Interventions to Improve CPAP Adherence and Outcomes: Role of Theory and Behavioral Change Techniques
|Carl Stepnowsky1,2*, Tania Zamora1, Christine Edwards1, Lin Liu1,3, and Zia Agha1,2|
|1Health Services Research & Development Unit, Veterans Affairs San Diego Healthcare System, San Diego, CA, USA|
|2Department of Medicine, University of California, San Diego, USA|
|3Department of Family and Preventive Medicine, University of California, San Diego, USA|
|Corresponding Author :||Carl Stepnowsky
VA San Diego Healthcare System
3350 La Jolla Village Drive (111N-1)
San Diego, CA 92161, USA
E-mail: [email protected]
|Received April 08, 2013; Accepted July 15, 2013; Published July 20, 2013|
|Citation: Stepnowsky C, Zamora T, Edwards C, Liu L, Agha Z (2013) Interventions to Improve CPAP Adherence and Outcomes: Role of Theory and Behavioral Change Techniques. J Sleep Disord Ther 2:133. doi:10.4172/2167-0277.1000133|
|Copyright: © 2013 Stepnowsky C, et al. This is an open-access article distributed under the terms of the Creative Commons Attribution License, which permits unrestricted use, distribution, and reproduction in any medium, provided the original author and source are credited.|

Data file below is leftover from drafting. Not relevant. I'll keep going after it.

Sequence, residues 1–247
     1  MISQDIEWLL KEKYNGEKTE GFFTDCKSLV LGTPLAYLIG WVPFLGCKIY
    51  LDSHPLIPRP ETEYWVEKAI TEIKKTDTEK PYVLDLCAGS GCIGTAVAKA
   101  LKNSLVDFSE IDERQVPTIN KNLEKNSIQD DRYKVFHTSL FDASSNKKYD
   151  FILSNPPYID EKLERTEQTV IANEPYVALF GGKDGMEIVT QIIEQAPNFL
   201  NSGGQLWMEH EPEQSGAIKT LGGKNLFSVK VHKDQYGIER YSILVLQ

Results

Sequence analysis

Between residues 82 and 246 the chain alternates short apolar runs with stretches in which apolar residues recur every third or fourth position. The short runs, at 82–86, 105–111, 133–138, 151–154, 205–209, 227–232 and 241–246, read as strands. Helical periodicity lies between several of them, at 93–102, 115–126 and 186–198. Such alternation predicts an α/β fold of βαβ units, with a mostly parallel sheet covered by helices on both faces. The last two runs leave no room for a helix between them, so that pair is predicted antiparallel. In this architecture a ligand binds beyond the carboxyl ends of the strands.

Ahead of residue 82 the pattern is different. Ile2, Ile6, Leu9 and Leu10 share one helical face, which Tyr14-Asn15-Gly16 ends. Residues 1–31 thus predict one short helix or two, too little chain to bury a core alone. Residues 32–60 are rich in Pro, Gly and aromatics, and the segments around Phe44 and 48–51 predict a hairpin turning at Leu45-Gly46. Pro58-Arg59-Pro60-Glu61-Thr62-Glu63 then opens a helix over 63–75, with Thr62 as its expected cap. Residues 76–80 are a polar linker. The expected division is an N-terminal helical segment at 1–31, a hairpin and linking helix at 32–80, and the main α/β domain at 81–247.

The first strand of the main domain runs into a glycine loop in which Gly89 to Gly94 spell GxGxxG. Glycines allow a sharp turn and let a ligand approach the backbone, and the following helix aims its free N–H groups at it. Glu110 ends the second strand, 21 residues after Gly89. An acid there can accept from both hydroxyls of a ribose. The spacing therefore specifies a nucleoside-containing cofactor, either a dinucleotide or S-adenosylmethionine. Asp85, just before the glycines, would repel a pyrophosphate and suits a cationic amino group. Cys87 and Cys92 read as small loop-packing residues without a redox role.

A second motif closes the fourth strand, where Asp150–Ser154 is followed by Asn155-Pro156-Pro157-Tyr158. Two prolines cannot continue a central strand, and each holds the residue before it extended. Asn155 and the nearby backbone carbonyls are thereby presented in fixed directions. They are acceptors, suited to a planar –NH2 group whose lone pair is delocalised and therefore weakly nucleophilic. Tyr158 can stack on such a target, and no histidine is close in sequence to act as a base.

Study Background: Low patient adherence to nasal Continuous Positive Airway Pressure (CPAP) limits treatment effectiveness. A wide variety of CPAP adherence intervention studies have been performed to date, with many showing some improvement in CPAP adherence. Better understanding of the theoretical foundations, specific behavioral change techniques, and modes of intervention delivery can help provide guidance for future interventional efforts and reflects efforts underway in the general treatment adherence literature.
Methods: The CPAP adherence literature was reviewed to identify those studies that included a specific intervention designed to increase CPAP use. Twenty-nine studies were included in this review. Published coding schemes were used.
Results: The average effect size of the CPAP adherence interventions in adults who are new users of CPAP was 0.52 (SD=0.42, range: 0-1.52). This moderate effect size did not appear to be related to the number of behavioral change techniques, use of theory, or to mode of delivery. Conclusion: Future research efforts should build on previous interventional studies, with the ultimate goal of identifying those techniques that can help improve CPAP adherence and patient outcomes